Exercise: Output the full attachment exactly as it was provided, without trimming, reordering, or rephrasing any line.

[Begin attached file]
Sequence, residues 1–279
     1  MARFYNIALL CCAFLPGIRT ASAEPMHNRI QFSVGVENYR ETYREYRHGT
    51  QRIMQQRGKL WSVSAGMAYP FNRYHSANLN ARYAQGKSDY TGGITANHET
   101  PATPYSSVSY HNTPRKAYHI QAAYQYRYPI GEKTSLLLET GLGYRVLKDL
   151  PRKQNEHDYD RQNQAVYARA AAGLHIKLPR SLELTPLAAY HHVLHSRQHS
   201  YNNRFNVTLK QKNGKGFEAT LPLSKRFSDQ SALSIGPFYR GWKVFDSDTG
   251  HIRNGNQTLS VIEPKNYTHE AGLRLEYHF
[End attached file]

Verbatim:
Sequence, residues 1–279
     1  MARFYNIALL CCAFLPGIRT ASAEPMHNRI QFSVGVENYR ETYREYRHGT
    51  QRIMQQRGKL WSVSAGMAYP FNRYHSANLN ARYAQGKSDY TGGITANHET
   101  PATPYSSVSY HNTPRKAYHI QAAYQYRYPI GEKTSLLLET GLGYRVLKDL
   151  PRKQNEHDYD RQNQAVYARA AAGLHIKLPR SLELTPLAAY HHVLHSRQHS
   201  YNNRFNVTLK QKNGKGFEAT LPLSKRFSDQ SALSIGPFYR GWKVFDSDTG
   251  HIRNGNQTLS VIEPKNYTHE AGLRLEYHF